Li Kotomi’s Solo Dance is unambiguous about its subject matter from the beginning: The first chapter opens with words, “Death. Dying.” Following the story of a Taiwanese woman living in Japan, the novel is a somber reflection on finding meaning and purpose in life as a social outcast and in the wake of enduring trauma.
Chō Norie is an office worker in Tokyo who grew up in Taiwan. Written in the third person, Solo Dance alternates between narrating the protagonist’s life in the present and the past experiences that shaped her and, ultimately, led her to change her name and move to Japan. As the story unfolds, bit by bit, we see how the wounds of her past continue to manifest in the present.
From a young age, Norie has always been different, a bookworm and a bit antisocial. But in fourth grade, just as Norie is beginning to awaken to her sexuality, Shi Danchen, a classmate Norie has a crush on, dies suddenly and unexpectedly. Not long after, Norie’s home gets destroyed in the Taiwan earthquake of 1999. Deeply traumatized, she begins exhibiting troubled behavior: endless crying, screaming nightmares and actions that imply suicidal ideation. Her parents take her to a youth mental health center, but the closeted Norie can’t bring herself to tell the therapist the deep pain she carries because Danchen, a girl she loved, died.
Eventually, Norie turns to writing to find her motivation to keep going. But her youthful writing focuses on the same themes that pervade her thoughts as an adult in Tokyo: darkness and death. As Li so poignantly puts it: “It was strange how writing about death had allowed her to keep living.”
The themes of Solo Dance are deeply reminiscent of Qiu Miaojin’s iconic novel Notes of a Crocodile, which is also a lesbian coming of age story about a young Taiwanese writer. Li calls this connection out explicitly and repeatedly, starting early in the book. Norie has immersed herself in Qiu’s short life and measures her own against it:
“If she hadn’t fallen in love with Danchen, then maybe she would never have begun to write. If she’d never discovered the world of literature, then maybe she would never have encountered Qiu Miaojin’s writing. … she was here in Tokyo, a place that Qiu had once visited herself. She was in junior high school when she discovered Qiu, but now here she was, in the blink of an eye aged twenty-seven, and she had outlived her.”
It’s hard not to feel like Solo Dance is a sort of contemporary recasting of Notes of a Crocodile in a globalized world. (Though, admittedly, that is the only one of the many Taiwanese, Japanese and Chinese works Li references throughout Solo Dance that I’ve actually read.) Norie’s high school romance with her classmate Xiaoxue feels reminiscent of Lazi and Shui Ling’s relationship with the recurring conversations about death and literature.
But the toxicity that defined every relationship in Notes of a Crocodile isn’t as pervasive and foundational to the relationships in Solo Dance. Three decades after activists like Qiu paved the way for the visibility and acceptance of the LGBTQ+ community in Taiwan, Li’s young lovers can form a sincere bond, built on respect and trust in a way that Qiu’s never could.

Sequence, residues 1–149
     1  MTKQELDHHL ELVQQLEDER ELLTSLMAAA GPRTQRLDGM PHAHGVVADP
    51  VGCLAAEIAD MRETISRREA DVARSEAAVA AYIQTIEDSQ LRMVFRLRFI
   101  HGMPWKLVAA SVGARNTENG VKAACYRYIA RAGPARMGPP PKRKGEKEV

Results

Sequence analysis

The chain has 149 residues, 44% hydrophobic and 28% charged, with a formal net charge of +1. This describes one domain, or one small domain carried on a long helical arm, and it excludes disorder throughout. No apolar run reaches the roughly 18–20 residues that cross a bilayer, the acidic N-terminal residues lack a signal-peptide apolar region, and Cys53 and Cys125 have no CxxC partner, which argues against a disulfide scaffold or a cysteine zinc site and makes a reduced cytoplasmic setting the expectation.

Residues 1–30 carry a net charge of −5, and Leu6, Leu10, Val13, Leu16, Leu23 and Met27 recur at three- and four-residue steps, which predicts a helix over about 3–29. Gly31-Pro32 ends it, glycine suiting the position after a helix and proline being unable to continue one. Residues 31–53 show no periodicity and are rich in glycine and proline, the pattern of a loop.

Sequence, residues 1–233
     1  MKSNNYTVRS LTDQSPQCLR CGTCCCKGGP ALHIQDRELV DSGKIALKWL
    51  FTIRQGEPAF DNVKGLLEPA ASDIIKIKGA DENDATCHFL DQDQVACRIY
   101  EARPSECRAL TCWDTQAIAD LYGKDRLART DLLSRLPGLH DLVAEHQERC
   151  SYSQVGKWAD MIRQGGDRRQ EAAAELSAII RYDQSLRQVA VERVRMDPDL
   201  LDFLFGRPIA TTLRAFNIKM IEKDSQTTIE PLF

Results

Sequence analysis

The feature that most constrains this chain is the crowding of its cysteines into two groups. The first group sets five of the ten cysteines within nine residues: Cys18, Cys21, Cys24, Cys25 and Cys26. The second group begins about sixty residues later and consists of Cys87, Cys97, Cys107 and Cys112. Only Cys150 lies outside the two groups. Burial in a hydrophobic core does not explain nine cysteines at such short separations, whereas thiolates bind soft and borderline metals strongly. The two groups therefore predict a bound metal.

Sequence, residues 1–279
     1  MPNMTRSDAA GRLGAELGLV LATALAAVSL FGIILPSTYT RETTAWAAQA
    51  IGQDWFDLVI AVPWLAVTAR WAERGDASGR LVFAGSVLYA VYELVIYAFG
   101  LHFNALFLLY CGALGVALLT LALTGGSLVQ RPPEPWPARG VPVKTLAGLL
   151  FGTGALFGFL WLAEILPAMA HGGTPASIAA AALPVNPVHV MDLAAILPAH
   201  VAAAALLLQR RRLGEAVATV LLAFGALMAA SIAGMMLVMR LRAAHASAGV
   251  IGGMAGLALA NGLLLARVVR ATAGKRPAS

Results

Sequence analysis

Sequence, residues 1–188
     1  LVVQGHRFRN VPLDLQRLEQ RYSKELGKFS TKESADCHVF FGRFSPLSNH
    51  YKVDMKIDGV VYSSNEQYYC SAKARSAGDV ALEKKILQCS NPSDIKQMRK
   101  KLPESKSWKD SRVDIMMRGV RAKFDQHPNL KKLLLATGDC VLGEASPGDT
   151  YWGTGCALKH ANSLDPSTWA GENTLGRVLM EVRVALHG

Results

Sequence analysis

Like Lazi, Norie ruminates on death and struggles to connect with others, but, even though she and Xiaoxue are both closeted, the young Norie doesn’t carry the level of despair manifested as abuse that leads Lazi to ultimately destroy her relationship with Shui Ling. For Lazi, being a lesbian is “a monstrous sin,” causing her to repress and fear her sexual desires and leading her to a deep self-loathing. For Norie, though, being a lesbian means she can’t imagine a future for herself — gay marriage not yet having been legalized in Taiwan when Solo Dance was originally published. Coupled with her early experiences and proclivity towards darkness, Norie can’t shed the sense that she’ll probably die young, like Qiu Miaojin.
Abuse enters Norie and Xiaoxue’s relationship after Norie is sexually assaulted. The traumatic experience, followed by social ostracization, deeply affects Norie’s mental health, and she takes out her fears on Xiaoxue in cruel outbursts. Norie recalls that the rapist targeted her specifically because she is a lesbian, leading her to blame her assault on their relationship and her sexuality. “It’s because we were together that I went through what I did,” Norie says to Xiaoxue in the heat of the fight that leads to their breakup.
It’s a subtle difference that shows how much and how little the world has changed. Notes of a Crocodile is a heartbreaking read because the book seems to imply that society’s ultimate rejection of queer individuals leads them to an inescapable path of self-destruction. Qiu’s suicide not long after writing it actualized that painful reality. Solo Dance has no illusions that in the present day, the implicit and explicit violence of homophobia still leaves lasting scars on young queer people. But, ultimately, this is a book about being able to integrate one’s trauma in a world where acceptance, while not universal, can be found. Norie has a future, full of ups and downs, even as she tries to escape her past, in a way that Lazi and the rest of the characters in Notes of a Crocodile simply don’t.
About a third of the way into Solo Dance, Xiaoxue says to Norie, “We’ll rewrite Notes of a Crocodile so that it doesn’t end in tragedy.” Solo Dance isn’t trite in the execution of that. Being queer and Asian continues to be a fraught reality for so many people, twenty-five years after Qiu killed herself. But in spite of all the pain and trauma, Solo Dance is a testament to the possibility of a path forward that exists for queer Asians today, a path that Qiu made possible with her works and her death.